Do You Know About Thomas Stone?

Did you know that Thomas Stone, Maryland Signer of the Declaration of Independence was initially a moderate who favored reconciliation with Great Britain over separation? His position was not unusual as several delegates to the Continental Congress would favor reconciliation over separation until it became evident that Great Britain did not want to peacefully settle the various issues which existed between Parliament and the colonies.

Thomas Stone was seated as a Maryland delegate on May 1776 and lived up to his reputation as a moderate who favored reconciliation over independence, on his arrival.  This was initially helpful, because the Maryland Convention, at the time, wanted reconciliation. Over time, this would change, especially after the efforts of Chase, Carroll, and Paca, who traveled the colony gathering support for independence.  In June of 1776, Maryland changes its tune and new instructions are issued:

“That the instructions given to their deputies be recalled, and the restrictions therein contained, removed; and that the deputies of said colony, or any three or more of them, be authorized and empowered to concur with the other united colonies, or a majority of them, in declaring the united colonies free and independent states; in forming such further compact and confederation between them; in making foreign alliances; and in adopting such other measures as shall be adjudged necessary for securing the liberties of America; and that said colony will hold itself bound by the resolutions of the majority of the united colonies in the premises; provided the sole and exclusive right of regulating the internal government and police of that colony be reserved to the people thereof.”[1]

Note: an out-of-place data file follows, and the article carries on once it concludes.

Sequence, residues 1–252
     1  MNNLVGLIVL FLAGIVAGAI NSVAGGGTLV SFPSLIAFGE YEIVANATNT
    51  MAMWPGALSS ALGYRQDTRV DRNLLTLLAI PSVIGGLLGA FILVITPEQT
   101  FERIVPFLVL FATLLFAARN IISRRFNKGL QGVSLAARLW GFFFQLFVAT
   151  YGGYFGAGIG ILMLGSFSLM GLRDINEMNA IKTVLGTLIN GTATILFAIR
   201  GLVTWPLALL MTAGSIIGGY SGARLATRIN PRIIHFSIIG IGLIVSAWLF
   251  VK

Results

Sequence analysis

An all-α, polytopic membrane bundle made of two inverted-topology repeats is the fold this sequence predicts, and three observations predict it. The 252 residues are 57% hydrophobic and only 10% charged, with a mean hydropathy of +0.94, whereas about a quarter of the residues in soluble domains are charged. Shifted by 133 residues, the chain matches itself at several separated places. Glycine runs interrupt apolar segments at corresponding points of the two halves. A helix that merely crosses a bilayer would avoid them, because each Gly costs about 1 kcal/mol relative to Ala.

There had been rumors saying British emissaries were to arrive and negotiate some type of reconciliation, which caused him to be reluctant towards independence, but when they did not arrive, he realized breaking from Great Britain to form their own country was the only option.

He votes in favor of independence on July 2 and wrote to the Maryland Council of Safety on July 12: “May God send Victory to the Arm lifted in Support of righteousness, Virtue & Freedom, and crush even to destruction the power which wantonly would trample on the rights of mankind.”[2]  He then signs the engrossed copy, on August 2.